Since 2001, children adopted overseas by American parents automatically become US citizens. Before that, it was up to adoptive parents to take the legal steps to make sure their children became US citizens. But some adoptive children — now well into adulthood — are finding out that their parents never took the steps to make them US citizens.
That's the situation Ella Purkiss finds herself in.
She was adopted from South Korea in 1956 when she was 2.
“My Korean name is Kim Yang Ai,” she says, sitting in her trailer home in Pahrump, Nevada.
Her Korean name is about all she knows of her life in Korea. Purkiss, 61, grew up in the United States, got married, raised kids and worked as an electrician. When her husband died last year, Purkiss tried to collect Social Security benefits. That’s when she found out that she wasn’t an American citizen.
“Apparently my whole life has been a lie,” Purkiss says.
She says her adoptive parents led her to believe that she was a naturalized citizen, “even to the point of telling me how I sat on the judge’s podium, and he had talked to me. They even took pictures after all the supposed swearing in had taken place.”
Purkiss doesn’t know why her adoptive parents lied, and she can’t ask them as they’re no longer living. But over the years, she was able to do things citizens do. She voted. She sat on juries.
“I have passed security clearance to work in nuclear plants [and] Air Force bases. I’ve also passed security clearance after the terrorist attacks in 2001 to work on an Army base where we were building one of the factories they were going to use to help destroy the weapons of mass destruction with,” she says.
Purkiss never obtained a US passport — she never needed one because she didn’t travel abroad. However, her American parents were supposed to make sure she was naturalized. It’s something that South Korea required for all international adoptions, but the adoption agency never followed up. And she’s not alone in this. Adoptee advocates estimate as many as 15,000 or more children adopted internationally by Americans never received their US citizenship. Adam Crapser is another example. Earlier this year, the married father of three spoke with the adoptee advocacy group, Gazillion Strong.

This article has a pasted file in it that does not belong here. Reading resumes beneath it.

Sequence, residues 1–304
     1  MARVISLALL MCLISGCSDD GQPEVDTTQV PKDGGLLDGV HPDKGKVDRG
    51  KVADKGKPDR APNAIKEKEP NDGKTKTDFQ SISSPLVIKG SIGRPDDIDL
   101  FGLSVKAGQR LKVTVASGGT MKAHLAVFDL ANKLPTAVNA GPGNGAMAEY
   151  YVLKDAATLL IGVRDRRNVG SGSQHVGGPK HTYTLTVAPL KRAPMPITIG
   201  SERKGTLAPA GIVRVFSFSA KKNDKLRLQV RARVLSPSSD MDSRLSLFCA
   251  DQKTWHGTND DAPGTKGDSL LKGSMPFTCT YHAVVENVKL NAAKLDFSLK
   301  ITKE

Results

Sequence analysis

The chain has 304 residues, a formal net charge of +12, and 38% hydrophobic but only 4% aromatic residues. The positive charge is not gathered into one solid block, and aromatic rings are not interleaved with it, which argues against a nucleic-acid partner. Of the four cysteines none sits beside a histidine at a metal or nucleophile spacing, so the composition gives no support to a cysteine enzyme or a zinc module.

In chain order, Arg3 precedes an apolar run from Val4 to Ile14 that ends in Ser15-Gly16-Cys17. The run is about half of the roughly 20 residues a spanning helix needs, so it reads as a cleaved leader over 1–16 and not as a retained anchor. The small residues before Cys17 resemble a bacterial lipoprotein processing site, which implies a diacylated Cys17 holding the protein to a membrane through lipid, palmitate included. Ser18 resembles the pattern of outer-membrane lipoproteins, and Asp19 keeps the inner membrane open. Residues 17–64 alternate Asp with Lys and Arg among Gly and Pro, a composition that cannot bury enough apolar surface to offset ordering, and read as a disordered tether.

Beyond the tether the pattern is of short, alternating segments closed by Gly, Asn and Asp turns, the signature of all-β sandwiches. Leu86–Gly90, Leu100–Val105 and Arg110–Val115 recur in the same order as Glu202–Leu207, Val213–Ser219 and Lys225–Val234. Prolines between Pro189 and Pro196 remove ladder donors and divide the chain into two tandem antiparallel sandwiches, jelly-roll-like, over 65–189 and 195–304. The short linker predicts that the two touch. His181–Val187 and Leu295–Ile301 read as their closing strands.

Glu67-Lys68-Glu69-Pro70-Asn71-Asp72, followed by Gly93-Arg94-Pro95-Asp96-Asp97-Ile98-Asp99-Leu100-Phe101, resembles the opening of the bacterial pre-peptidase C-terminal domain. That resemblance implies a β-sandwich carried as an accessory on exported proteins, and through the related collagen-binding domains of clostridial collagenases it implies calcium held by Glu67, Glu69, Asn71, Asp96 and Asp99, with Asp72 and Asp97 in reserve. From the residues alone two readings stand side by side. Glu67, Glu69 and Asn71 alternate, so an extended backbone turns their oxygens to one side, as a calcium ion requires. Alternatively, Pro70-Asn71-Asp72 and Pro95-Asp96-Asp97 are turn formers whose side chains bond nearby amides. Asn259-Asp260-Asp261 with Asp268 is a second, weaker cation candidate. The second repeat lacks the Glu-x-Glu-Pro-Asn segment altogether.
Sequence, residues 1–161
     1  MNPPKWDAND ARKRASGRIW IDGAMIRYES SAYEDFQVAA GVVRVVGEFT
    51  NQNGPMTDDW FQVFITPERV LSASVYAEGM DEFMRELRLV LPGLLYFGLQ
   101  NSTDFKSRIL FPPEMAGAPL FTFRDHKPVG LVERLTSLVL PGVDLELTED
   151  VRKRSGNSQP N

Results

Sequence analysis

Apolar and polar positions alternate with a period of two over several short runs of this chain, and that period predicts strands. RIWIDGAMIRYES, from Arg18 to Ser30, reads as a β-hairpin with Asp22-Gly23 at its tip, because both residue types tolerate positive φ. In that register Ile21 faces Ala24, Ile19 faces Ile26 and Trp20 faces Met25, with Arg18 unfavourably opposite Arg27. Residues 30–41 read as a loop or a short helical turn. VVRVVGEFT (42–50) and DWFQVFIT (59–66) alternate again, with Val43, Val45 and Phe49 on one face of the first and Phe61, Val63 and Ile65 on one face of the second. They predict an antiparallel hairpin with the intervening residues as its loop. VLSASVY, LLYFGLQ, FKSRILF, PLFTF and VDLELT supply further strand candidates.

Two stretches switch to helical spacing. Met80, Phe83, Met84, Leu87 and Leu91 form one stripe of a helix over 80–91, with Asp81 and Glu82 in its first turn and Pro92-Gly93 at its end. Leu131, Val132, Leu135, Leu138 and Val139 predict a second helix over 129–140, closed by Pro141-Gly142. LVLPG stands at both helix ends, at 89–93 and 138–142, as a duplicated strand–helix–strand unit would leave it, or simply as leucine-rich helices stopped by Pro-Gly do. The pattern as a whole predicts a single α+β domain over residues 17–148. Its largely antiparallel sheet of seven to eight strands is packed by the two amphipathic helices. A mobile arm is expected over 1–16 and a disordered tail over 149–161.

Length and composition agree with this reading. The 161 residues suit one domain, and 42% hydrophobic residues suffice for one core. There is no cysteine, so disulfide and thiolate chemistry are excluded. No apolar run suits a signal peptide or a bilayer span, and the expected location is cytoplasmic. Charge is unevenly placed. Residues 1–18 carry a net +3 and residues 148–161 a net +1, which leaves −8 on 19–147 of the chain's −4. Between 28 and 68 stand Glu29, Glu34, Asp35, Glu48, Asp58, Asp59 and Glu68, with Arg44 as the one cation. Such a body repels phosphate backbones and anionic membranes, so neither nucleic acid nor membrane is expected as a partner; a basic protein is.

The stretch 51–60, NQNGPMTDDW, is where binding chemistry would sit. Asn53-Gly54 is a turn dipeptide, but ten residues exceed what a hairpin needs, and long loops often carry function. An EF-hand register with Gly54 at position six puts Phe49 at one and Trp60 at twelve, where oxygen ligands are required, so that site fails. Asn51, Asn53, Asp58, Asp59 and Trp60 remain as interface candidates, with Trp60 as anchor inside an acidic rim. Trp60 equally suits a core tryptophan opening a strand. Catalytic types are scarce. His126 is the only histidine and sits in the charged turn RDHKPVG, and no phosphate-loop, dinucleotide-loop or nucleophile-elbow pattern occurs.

“I wish I could vote. I wish I was an American citizen,” Crapser, 40, said. “I wish I would have never ever gotten in any trouble in my life.”
Crapser was adopted from South Korea as a toddler, and endured repeated abuse by his American adoptive parents before being “rehomed” into another abusive household. He ended up on the streets, got in trouble with the law and spent some time in prison for his crimes. Neither set of adoptive parents ever filled out the paperwork to have him naturalized as a citizen.
Years later when he tried to apply on his own behalf, the government saw his criminal record and flagged him for deportation to Korea. Crapser told Gazillion Strong that he regrets his past mistakes and that he wishes he had had a stable, nurturing childhood for guidance as he came of age. But he says he doesn’t deserve to be removed from the only country he’s ever known.
“You know, America opened its borders to immigrants. America signed a bill to bring us over from Korea ... during a military action. They promised us a better life over here. All I’m asking, I would ask them to keep their promise,” he said. He’s now awaiting a decision on his case.
Back in 2000, Congress passed the Child Citizenship Act, which gave international adoptees automatic citizenship. But it left out people like Adam Crapser and Ella Purkiss who arrived in the US before the early 1980s. According to Kevin Vollmers, executive director of Gazillion Strong, there are at least 45 known cases of adoptees deported to India, Brazil, South Korea and other countries of origin for minor drug offenses and other crimes.
“We have an ethical obligation to make sure these people have citizenship, because that is what was promised to them,” Vollmers says. “And so, to take that part out, to say that certain adoptees don’t deserve citizenship is essentially to question the foundation of what adoption was built on.”
In November 2015, US Senator Amy Klobuchar of Minnesota introduced legislation to grant citizenship to adoptees from earlier. Neither she nor any of the other sponsors would comment for this story, however adoptee advocates say the bill faces an uphill battle because it would also create a pathway for some of the deportees to return.
For now, Purkiss says she’s in limbo. She’s running out of money because authorities have so far denied her Social Security claims over questions about her status. She did apply for US citizenship last spring. But this past weekend, she received word that her application was denied because she waited too long to file papers for naturalization. Purkiss has now reached out to her Congressional representatives because, at this point, she says legislation may be her only hope.
“It’s sad to think that small children ... people can take them from a foreign country, drop them into another country, and no one guarantees that they are a citizen of anywhere.”
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